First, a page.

The Siamese revolution of 1932 was a culmination of a series of events through one of Thailand’s most tumultuous times. On June 24th of that year, almost over eight centuries of absolute monarchy ended with a bloodless coup d’état. Learning why this happened can be quite overwhelming, with both conventional and alternative perspectives offering valuable insights. Regardless of anyone’s take on the revolution, it is generally agreed that the central figure who bore the greatest burden of that transition was King Prajadhipok. The seventh monarch of the Chakri Dynasty who eventually abdicated was key in turning a new chapter in Thailand’s pages of history. Now King Prajadhipok Museum stands as a great archive on his life and the arrival of democracy in Siam.
King Prajadhipok Museum’s permanent exhibition explores his life’s trajectory: from his childhood to kinghood to life after abdication. Events that shaped him are clearly laid out to understand a quiet figure who never thought he would be taking on the role as father of a nation. King Prajadhipok’s reign began in 1925 and lasted a little less than a decade. He inherited a troubled state with political instability, financial insecurity, and mired in a global environment drifting in the wake of the Great Depression. During this time, the king took on his role in stride and worked diligently to remedy the nation’s woes. However, the people’s call for democracy would be too strong for him to dismiss. The exhibition ends with his time after Thailand’s transition and shifts to his personal interests, including filmmaking.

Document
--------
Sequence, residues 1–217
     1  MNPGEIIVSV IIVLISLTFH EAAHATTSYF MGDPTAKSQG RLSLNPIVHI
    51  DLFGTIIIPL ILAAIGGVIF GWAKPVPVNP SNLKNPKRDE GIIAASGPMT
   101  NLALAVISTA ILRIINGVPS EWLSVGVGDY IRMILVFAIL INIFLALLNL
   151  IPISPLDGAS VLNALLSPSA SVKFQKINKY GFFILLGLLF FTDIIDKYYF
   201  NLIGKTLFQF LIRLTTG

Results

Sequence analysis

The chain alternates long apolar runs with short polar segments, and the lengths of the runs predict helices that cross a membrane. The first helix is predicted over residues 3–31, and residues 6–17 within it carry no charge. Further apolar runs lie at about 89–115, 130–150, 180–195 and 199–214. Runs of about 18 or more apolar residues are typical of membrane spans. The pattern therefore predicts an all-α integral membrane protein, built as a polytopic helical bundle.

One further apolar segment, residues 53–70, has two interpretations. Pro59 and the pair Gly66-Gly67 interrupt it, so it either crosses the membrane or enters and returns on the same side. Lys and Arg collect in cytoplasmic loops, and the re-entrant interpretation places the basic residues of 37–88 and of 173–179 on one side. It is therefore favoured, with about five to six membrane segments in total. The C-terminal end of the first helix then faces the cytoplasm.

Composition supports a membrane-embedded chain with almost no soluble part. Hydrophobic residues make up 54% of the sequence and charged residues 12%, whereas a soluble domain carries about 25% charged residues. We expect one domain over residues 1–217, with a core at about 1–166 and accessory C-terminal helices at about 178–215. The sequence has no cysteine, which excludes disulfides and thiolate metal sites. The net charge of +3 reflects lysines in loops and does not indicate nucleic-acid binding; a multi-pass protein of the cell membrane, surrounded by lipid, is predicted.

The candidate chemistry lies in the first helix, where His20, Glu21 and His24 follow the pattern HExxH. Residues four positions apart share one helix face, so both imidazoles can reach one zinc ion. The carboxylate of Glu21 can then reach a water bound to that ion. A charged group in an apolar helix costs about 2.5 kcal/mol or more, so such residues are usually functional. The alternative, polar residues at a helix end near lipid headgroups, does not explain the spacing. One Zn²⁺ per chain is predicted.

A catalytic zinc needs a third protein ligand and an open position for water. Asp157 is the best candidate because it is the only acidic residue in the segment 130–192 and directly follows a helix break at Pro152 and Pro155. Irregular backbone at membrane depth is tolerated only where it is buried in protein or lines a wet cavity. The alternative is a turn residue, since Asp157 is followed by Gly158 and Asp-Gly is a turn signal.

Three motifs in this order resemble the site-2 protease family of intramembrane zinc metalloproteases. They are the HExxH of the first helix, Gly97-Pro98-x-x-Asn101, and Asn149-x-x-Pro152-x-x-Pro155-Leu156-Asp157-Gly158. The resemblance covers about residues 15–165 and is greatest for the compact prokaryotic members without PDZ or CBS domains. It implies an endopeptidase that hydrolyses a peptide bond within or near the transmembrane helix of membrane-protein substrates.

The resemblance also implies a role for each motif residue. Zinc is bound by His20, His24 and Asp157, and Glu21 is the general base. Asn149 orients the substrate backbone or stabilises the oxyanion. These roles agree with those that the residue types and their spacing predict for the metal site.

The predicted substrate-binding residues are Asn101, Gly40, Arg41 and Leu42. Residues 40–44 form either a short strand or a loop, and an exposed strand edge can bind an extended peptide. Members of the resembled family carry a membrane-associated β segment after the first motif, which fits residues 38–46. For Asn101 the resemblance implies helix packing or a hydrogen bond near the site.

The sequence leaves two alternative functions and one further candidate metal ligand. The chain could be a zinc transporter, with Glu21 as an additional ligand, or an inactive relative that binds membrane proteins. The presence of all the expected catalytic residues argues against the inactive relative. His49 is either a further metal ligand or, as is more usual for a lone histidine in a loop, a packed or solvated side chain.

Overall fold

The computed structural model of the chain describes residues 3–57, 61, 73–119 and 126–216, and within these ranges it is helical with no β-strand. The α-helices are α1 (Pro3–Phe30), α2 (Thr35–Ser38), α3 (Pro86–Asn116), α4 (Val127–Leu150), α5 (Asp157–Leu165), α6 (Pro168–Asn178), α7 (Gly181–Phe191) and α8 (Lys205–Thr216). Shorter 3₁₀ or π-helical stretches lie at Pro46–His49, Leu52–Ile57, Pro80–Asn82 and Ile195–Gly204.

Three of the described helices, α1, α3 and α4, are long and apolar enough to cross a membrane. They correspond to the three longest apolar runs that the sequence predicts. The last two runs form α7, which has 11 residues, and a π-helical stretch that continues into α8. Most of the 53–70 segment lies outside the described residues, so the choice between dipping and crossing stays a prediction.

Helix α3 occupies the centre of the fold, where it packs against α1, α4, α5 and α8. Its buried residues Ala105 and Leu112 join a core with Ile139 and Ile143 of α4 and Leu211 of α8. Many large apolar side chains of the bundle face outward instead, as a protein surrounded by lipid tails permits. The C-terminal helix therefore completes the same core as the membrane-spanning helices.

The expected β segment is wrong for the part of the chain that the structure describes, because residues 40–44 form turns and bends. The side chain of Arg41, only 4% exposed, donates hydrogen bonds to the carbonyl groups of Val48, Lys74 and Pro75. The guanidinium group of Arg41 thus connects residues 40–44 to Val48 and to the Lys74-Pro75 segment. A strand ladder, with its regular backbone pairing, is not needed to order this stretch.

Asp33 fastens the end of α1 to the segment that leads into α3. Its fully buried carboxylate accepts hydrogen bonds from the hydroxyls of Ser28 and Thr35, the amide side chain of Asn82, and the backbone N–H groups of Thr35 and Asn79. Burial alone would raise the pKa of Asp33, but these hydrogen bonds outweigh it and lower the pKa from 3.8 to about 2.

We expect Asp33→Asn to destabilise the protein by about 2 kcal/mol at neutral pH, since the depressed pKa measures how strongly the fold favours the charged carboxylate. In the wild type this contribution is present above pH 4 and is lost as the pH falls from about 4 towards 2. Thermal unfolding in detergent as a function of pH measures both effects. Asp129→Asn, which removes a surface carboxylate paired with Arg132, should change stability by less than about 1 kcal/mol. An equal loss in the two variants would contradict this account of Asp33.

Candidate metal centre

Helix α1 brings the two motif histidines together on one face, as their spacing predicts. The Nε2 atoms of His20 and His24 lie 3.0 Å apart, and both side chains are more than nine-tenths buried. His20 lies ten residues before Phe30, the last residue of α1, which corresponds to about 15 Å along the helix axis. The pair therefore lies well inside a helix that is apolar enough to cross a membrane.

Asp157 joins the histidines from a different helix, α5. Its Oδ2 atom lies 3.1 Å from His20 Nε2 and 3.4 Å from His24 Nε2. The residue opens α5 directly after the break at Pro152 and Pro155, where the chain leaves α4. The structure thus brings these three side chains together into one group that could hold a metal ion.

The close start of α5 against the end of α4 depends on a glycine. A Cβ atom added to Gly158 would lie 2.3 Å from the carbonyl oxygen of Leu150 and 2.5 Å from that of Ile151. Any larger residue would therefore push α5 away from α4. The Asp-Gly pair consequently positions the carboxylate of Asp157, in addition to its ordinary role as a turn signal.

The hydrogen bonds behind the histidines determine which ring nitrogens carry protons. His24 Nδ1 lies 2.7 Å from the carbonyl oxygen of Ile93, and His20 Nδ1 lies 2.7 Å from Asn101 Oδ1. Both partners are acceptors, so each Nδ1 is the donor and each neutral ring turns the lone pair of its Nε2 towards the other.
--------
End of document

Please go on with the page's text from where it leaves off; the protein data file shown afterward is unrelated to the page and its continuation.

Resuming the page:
The King Prajadhipok Museum is located in a grand neo-colonial building in North Rattanakosin Island that has been deemed a heritage building by the Fine Arts Department. Located close to the Phanfa Bridge, it was originally built to house John Sampson & Son’s department store, which King Chulalongkorn had courted in London in 1898 to open a branch in Bangkok to sell tailor made suits and other fashion wear. In its subsequent incarnation, the building housed a Thai department store that sold household goods. In 2002, it was opened as a museum dedicated to King Prajadhipok.